Perhaps the coolest thing about RIDERS WHERE THERE ARE NO ROADS: It features Dr. Darius Darke and James “Gentleman Jim” Dunsworth “The Demon Duelist” Brodie, characters from my relatively popular long short story “The Cowboys of Cthulhu.” Several readers have asked to see more from the “Cowboys” characters. (See the Amazon reviews). Well, okay, readers, here you go. RIDERS features these two heroes of my alternate Old West in their afterlives, but, holy six-guns! What an afterlife! (Like I said, this might well be the loopiest thing I’ve ever written.)

So why C. Dennis Moore should be mad at me: I spent an hour tonight retyping (and, yes, editing) the first 1,500 words of RIDERS when I’d planned to plow forward on RETURN TO ANGEL HILL – the Will Castleton novel which combines Dennis’s world (check out his Angel Hill novels, if you haven’t) and mine, and which will probably be nowhere near finished by Christmas, despite past optimism in that direction.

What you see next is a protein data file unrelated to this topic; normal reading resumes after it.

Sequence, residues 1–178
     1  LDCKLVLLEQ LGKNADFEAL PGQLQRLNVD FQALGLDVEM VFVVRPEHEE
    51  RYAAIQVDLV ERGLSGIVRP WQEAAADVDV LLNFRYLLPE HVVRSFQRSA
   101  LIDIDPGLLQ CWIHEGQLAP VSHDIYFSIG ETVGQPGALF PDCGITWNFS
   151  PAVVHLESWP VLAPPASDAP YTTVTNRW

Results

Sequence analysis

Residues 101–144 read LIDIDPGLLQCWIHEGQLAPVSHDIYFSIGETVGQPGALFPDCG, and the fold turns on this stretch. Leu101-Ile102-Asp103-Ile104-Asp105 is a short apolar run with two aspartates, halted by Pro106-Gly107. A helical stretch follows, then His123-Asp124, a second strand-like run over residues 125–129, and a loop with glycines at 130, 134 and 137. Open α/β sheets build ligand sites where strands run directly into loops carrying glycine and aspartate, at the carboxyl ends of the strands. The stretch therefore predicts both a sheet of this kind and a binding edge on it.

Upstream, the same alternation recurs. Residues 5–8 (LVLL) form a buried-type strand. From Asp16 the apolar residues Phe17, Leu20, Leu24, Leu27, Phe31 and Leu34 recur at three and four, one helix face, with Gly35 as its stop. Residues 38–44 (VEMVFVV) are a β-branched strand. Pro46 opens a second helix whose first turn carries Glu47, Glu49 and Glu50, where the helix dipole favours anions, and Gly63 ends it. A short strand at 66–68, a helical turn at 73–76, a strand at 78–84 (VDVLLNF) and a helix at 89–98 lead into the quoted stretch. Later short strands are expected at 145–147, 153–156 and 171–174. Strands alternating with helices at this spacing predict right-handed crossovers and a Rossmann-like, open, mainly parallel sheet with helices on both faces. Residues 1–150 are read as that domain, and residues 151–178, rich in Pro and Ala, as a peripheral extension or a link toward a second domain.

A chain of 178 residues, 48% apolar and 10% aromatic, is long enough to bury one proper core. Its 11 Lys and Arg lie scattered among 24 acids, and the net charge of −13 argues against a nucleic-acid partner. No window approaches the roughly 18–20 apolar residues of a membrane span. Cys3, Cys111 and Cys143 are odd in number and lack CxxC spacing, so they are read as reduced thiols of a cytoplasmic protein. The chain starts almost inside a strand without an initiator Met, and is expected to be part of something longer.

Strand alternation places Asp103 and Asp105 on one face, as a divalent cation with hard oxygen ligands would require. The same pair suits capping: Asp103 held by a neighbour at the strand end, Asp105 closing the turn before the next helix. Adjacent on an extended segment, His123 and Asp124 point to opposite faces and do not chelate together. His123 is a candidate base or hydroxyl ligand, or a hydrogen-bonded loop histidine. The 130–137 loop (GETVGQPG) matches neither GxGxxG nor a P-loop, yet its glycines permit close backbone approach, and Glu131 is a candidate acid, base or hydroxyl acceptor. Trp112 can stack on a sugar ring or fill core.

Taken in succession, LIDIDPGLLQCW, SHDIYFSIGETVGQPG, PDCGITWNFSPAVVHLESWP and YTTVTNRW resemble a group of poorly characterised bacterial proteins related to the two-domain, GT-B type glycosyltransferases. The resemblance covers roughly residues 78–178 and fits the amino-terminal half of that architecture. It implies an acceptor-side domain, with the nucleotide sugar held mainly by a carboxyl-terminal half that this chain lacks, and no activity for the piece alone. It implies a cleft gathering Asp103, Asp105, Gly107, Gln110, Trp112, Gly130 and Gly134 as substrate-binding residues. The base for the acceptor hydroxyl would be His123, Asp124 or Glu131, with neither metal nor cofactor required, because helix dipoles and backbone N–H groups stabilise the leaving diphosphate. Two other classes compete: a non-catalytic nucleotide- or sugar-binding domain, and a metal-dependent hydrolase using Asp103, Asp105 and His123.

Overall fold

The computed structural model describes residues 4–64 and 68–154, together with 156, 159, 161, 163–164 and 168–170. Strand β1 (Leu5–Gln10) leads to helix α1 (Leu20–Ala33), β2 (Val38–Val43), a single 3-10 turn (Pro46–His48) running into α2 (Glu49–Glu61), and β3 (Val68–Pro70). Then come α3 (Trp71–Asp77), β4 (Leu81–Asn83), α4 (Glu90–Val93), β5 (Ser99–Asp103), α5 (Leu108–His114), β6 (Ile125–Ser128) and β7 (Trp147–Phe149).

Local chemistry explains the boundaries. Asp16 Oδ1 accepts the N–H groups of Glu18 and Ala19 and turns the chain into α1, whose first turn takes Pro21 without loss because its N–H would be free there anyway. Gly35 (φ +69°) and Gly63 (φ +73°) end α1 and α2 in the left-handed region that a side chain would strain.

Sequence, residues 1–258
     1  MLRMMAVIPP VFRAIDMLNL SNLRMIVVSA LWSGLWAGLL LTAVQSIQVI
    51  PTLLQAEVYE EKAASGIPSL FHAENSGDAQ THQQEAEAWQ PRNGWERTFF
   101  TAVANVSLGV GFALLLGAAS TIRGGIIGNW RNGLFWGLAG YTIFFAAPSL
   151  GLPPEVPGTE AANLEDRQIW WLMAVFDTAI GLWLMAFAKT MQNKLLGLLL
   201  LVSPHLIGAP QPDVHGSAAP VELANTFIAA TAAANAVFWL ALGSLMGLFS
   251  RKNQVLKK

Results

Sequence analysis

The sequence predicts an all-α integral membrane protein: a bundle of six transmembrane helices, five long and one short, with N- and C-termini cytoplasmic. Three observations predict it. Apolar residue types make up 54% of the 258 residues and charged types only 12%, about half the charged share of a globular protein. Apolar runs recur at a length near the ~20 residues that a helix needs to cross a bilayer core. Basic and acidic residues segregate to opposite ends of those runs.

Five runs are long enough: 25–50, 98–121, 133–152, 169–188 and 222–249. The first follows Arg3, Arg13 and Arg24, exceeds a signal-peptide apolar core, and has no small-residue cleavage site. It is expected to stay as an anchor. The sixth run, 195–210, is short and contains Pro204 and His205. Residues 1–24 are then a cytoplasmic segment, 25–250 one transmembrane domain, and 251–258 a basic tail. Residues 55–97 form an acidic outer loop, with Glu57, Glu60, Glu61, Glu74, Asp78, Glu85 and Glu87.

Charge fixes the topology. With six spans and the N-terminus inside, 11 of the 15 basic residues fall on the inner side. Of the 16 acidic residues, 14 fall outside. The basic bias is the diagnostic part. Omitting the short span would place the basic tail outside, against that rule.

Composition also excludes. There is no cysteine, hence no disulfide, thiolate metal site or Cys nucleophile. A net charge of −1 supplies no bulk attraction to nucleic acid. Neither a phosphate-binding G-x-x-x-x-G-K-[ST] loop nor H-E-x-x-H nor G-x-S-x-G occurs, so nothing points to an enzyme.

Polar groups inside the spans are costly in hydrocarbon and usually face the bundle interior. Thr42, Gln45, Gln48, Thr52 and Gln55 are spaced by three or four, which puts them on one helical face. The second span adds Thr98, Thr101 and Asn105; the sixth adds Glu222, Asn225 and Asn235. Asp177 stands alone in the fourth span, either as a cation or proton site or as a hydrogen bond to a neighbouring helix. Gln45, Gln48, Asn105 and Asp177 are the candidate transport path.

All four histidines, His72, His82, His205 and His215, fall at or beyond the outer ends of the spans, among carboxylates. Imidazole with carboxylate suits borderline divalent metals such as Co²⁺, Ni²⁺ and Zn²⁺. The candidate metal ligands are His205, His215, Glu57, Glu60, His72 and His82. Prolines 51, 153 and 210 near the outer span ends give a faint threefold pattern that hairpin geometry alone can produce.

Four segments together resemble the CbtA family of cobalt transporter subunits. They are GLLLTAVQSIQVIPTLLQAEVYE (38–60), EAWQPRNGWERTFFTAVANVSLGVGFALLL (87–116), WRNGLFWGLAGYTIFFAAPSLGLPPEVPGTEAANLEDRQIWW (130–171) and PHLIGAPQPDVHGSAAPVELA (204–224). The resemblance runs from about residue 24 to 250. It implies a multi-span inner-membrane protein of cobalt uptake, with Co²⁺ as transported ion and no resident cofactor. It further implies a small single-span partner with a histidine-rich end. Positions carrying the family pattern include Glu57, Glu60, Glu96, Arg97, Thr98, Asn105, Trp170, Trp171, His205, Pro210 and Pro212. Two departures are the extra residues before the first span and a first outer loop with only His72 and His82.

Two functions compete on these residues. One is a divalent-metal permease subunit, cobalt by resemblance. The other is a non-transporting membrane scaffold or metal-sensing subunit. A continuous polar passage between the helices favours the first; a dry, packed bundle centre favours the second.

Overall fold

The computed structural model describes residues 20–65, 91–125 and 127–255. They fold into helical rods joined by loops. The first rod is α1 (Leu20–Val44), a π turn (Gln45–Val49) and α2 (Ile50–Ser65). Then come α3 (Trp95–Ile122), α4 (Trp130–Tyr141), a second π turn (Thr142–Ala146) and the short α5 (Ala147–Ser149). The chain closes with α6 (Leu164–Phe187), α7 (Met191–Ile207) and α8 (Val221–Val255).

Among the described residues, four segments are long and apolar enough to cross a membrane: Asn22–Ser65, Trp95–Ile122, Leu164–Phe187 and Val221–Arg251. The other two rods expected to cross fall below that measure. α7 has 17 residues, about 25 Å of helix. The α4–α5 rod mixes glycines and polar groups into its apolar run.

But I’m fascinated by RIDERS because a) I remember practically nothing about it – it’s a constant revelation as I reread/type it – and b) it has themes about age/redemption/struggle which resonate with personal stuff in my life right now.

I have no idea how much rewriting I’ll do. It might end up being close to or entirely different from the original publication, which was probably purchased by the contributors and … maybe a dozen other people, if we were that lucky – and I doubt we were. I reserve complete creative control over the final project. If you really have to see the book in its original form, a copy appears to be in the stacks at the library at Bowling Green University, of all places, because some severely disturbed grad student apparently had some sway there.